MnB B1G Preview: The Biggest Storylines Surrounding Iowa football

"No, I am not Harry Osborn's father in the new Spider-Man movie." - USA TODAY Sports

We take a look at the storylines surrounding Kirk Ferentz and the Iowa Hawkeyes football program going into the 2014 season.

The Seat Has Cooled Down

And it probably will be so for a long time. 2012 was pretty much a disaster for Iowa in every sense of the word, and it came closer than anything did in putting Kirk Ferentz potentially on job notice. Fortunately for the Hawkeye faithful, Ferentz managed to right the ship enough in 2013 so that stability is returning, the program is developing, and Ferentz is breathing a sigh of relief.

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Iowa also did not have to deal with the plethora of injuries that they normally do, and they reaped all the rewards of a stalwart, consistent set of starters. They rode and depended on their experienced upperclassmen throughout the majority of the season. Sure, there were hiccup losses to Ohio State, Michigan State, and Wisconsin, who were obviously the best teams in the conference, but they managed to take care of business against everyone that they were supposed to, including Michigan, against whom the Hawkeyes maximized the opportunity of the Wolverines' poor play. (Iowa always seems to have a satisfying season when they knock off the Maize and Blue.)

The Hawkeyes held their own admirably against LSU in the Outback Bowl, and with 14 returning starters, it doesn't look like they're going anywhere. More importantly, it doesn't look like Kirk Ferentz is going anywhere. At a time when many in the Iowa fan base were calling for his head, Ferentz calmed everybody down with a few apt changes but largely by bringing the program back to where they're used to being. A lot of that has to do with the fortune of avoiding injuries that typically make them take a step back, but Ferentz must have felt vindicated that he was able to get back to his steady 8-4 type run without completely overhauling everything about his program's philosophy.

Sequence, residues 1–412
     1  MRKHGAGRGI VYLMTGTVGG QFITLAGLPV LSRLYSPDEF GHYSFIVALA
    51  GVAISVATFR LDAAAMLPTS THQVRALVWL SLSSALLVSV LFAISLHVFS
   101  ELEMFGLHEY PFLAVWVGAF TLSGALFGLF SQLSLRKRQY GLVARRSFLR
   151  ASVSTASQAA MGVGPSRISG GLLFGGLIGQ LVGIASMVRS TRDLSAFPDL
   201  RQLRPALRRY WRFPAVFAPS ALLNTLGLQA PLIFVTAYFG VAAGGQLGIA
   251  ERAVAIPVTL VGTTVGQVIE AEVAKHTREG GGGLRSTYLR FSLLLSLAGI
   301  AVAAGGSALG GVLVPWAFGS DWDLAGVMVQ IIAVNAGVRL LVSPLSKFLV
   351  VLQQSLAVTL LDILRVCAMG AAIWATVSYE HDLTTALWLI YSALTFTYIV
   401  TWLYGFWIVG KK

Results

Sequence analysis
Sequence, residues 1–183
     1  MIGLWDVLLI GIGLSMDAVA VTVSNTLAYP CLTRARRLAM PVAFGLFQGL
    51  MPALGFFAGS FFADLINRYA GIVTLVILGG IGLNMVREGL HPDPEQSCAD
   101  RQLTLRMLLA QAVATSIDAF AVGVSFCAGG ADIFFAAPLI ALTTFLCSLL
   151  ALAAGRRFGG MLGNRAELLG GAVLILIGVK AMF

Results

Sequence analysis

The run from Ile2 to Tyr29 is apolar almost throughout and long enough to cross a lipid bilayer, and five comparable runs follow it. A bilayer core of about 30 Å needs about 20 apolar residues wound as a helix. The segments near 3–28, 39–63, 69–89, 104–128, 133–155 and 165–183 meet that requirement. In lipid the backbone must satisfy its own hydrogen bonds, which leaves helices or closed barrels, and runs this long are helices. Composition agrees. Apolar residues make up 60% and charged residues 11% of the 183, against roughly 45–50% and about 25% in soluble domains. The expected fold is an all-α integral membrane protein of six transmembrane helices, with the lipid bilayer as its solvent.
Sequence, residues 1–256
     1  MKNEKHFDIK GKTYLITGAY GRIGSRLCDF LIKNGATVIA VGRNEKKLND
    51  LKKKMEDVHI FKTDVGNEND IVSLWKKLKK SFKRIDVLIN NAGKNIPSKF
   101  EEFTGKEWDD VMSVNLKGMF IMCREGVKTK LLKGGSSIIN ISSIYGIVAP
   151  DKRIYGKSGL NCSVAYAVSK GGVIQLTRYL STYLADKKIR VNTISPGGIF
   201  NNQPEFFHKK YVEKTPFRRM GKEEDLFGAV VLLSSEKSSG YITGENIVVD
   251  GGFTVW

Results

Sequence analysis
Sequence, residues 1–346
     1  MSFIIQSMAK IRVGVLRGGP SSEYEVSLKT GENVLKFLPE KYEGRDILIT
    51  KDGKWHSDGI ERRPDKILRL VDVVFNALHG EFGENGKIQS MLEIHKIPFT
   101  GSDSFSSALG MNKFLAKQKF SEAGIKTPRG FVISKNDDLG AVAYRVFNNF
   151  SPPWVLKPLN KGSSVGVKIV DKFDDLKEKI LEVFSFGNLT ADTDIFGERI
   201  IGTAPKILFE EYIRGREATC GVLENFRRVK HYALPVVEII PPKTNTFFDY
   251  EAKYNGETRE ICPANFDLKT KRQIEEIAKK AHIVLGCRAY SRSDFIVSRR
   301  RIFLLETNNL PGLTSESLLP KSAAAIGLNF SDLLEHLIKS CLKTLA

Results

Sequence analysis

With Ferentz's immense buyout, he doesn't appear to be going anywhere even if he were to bottom out in the next couple of seasons. However, right now, for the Iowa fan base, that doesn't matter. All that matters is that the team is back to being competitive and entertaining and worth supporting on Saturdays. And let's be honest; they could do a lot worse than Kirk Ferentz.

Best in the West?

Iowa is one of the teams that benefits most from the new divisions of the Big Ten. Their biggest challengers for the foreseeable future are Wisconsin and Nebraska as primary threats, and while teams like Northwestern and Minnesota might start to creep up the ladder, Iowa certainly looks to have the short term depth to stay just ahead. At worst they'll be third best in the division. Knock off Wisconsin or Nebraska and it suddenly becomes an entirely different discussion about the Hawkeyes chances of finishing with double digit wins and a trip to Indianapolis.

In the 2014 season, Iowa has a legitimate chance of starting the season 10-0. (Their two biggest tests lay at season's end, against Wisconsin and Nebraska, but both are in Iowa City.) The Hawkeyes have one of the most favorable schedules in the Big Ten for the upcoming season, and they should easily be 3-0 before heading off to face Pittsburgh at Heinz Field. Until those final two weeks of November, no one truly looks challenging on Iowa's schedule (save for a possible trap game against Minnesota at TCF Bank Stadium on November 8), and they miss out on facing Michigan, Ohio State, Michigan State, and Penn State -- pretty much all the big wigs (B1G W1G's?) of the East Division. Wisconsin has a similarly favorable outlook, but Nebraska faces Michigan State early. The division race could come down to the Badgers and the Hawkeyes if the Cornhuskers falter.